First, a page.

The Heredity And Breeding Of The Jack Russell Terrier

The original Fox Terrier breed that Russell started with was much different than its modern day counterpart. In the early 1800's the breed was slender and lanky. It was taller, larger and the coloring was predominantly black, tan and reddish brown, very much resembling the fox that it hunted. One of the major issues that Reverend Russell wanted to address is that the dogs were often mistaken for the prey being hunted, and many a time was accidentally shot by their owners when involved in a fast paced chase.

After he completed his studies at Oxford, John Russell was ordained as a minister in 1819 by Dr. Pelham, Bishop of Exeter and one of the clergy favored by King George the Fourth of England himself. He started a family and lived in Swymbridge for a time before settling in Devonshire where he would spend the rest of his days preaching and breeding Fox Terriers. Reverend Russell made careful plans to start a new line of Fox Terrier that would fix the previous problems with the breed by breeding Trump, and later other British White Terriers into the Fox Terrier gene pool. In doing this Russell was careful to only introduce enough of the White Terrier's genetic stock into the Fox Terrier gene pool to differentiate it from a real Fox, but not enough to carry the many defects of the White Terrier breed onto the new Fox Terrier line.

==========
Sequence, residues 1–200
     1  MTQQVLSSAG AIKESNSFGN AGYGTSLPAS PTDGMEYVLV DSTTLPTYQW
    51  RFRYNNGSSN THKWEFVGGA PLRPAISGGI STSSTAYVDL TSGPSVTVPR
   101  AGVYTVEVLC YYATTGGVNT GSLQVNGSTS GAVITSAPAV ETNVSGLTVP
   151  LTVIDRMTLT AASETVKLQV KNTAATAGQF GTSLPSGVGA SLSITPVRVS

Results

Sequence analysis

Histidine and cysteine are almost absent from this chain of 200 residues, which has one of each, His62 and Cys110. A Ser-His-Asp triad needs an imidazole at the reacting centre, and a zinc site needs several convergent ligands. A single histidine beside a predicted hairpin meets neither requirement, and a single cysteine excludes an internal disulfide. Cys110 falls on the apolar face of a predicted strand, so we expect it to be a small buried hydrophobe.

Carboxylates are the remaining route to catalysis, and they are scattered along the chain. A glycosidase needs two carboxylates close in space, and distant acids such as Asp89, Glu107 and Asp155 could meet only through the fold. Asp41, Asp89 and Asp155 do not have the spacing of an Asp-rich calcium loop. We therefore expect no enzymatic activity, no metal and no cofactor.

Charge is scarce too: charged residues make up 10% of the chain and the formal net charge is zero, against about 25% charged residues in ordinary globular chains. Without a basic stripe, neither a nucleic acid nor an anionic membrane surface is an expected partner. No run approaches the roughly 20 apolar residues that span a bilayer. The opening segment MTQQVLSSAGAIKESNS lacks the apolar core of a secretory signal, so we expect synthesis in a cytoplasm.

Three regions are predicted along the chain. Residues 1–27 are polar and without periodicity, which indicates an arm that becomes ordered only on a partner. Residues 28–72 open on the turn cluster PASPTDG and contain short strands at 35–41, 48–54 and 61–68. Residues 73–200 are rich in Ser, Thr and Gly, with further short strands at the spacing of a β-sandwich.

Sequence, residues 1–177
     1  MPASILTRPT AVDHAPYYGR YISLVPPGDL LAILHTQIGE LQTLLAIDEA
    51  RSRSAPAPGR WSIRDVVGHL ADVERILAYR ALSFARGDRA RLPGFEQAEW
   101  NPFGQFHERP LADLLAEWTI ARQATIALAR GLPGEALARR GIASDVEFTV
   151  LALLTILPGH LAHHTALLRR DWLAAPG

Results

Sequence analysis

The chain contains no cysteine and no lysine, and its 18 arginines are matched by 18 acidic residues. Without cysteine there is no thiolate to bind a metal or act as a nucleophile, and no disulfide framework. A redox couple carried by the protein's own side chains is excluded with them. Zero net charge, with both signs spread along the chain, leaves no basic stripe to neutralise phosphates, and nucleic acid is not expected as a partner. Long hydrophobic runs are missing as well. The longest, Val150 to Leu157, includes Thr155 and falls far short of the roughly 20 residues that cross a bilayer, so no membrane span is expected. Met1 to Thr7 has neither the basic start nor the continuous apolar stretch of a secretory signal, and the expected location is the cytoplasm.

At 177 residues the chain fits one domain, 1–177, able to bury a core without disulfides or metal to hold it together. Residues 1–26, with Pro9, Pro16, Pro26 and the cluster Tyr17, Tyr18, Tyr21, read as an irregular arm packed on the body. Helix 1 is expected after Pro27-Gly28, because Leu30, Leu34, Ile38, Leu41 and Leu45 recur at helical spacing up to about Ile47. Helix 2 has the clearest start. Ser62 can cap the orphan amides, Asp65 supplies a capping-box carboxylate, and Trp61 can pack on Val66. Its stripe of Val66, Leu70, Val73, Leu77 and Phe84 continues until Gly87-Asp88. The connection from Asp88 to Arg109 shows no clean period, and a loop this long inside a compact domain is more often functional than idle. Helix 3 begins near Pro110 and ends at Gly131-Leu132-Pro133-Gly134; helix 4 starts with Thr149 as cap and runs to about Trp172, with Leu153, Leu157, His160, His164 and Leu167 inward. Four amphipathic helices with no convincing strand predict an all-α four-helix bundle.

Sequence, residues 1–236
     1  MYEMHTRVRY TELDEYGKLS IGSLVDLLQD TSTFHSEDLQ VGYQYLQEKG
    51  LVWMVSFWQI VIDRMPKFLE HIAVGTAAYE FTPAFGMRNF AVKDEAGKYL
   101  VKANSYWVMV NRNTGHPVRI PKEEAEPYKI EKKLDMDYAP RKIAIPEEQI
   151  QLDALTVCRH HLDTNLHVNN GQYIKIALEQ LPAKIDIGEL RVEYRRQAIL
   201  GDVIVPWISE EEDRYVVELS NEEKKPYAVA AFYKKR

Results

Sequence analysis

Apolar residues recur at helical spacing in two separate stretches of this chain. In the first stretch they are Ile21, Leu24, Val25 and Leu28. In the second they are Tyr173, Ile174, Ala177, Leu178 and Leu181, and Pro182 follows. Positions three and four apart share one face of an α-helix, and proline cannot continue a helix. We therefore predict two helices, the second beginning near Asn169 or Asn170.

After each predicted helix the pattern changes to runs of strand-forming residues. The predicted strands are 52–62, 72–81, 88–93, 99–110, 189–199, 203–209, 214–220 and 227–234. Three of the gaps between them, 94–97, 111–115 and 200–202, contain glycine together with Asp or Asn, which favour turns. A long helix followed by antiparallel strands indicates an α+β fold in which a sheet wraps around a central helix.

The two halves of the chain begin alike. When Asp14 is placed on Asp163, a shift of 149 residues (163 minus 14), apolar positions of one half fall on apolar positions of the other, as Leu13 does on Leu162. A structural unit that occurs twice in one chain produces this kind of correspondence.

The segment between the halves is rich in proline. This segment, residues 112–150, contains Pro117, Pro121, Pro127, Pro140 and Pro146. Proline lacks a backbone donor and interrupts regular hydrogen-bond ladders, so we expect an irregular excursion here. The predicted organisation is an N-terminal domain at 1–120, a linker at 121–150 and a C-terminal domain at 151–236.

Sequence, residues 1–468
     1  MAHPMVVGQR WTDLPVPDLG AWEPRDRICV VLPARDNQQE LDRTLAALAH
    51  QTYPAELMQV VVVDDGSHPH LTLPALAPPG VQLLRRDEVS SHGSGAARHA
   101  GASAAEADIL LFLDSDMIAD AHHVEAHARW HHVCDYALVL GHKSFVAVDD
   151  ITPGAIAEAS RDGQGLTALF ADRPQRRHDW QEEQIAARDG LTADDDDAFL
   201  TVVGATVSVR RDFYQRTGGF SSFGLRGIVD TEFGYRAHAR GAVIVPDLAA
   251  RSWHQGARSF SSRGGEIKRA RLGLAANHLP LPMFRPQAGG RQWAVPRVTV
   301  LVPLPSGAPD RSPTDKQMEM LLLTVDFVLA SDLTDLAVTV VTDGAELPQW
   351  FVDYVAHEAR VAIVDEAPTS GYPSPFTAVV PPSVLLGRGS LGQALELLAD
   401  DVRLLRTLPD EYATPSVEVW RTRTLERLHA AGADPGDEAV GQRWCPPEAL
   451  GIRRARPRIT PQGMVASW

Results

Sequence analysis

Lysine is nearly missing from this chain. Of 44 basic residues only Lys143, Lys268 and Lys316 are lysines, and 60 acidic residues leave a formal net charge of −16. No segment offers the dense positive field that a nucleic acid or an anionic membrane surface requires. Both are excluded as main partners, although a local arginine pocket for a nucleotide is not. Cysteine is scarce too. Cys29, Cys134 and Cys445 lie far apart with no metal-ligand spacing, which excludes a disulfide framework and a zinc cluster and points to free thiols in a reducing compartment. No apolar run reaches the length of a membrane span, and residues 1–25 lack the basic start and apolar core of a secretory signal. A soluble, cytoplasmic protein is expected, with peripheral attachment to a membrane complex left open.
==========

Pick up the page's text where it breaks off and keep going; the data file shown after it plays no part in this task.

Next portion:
The British White Terrier was known as a lap dog to most dog enthusiasts of England at the time. The breed was completely white in most cases and ranged in size from 10 to 20 lbs. Although stocky and muscular the breed was rarely, if ever, used for any type of work, they were regarded as too small and fragile to be of much use for anything. Also detracting from the breed's popularity was its reputation for being prone to partial or complete deafness, among other deformities caused by in-breeding.

It took several generations of careful breeding, but within twelve years Reverend John Russell had created the ideal form of the Fox Terrier. This new line became wildly popular among hunting enthusiasts and British aristocrats, soon replacing the old black and tan standard of the breed completely.

Although the British White Terrier proved useful for improving the Fox Terrier and several other breeds, the breed itself held very little regard among English society. Thanks to the unpopularity of the White Terrier, the breed was completely extinct by the year 1900. It is important to note however, several of Reverend Russell's experimental breeding lines of Fox Terrier exhibited almost a completely white coloring pattern as well as other British White Terrier traits. Many of those breeding lines still exist today.

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Karen Ellis profile image

Karen Ellis 6 years ago from Central Oregon

There is a lot of useful info here. Thanks.

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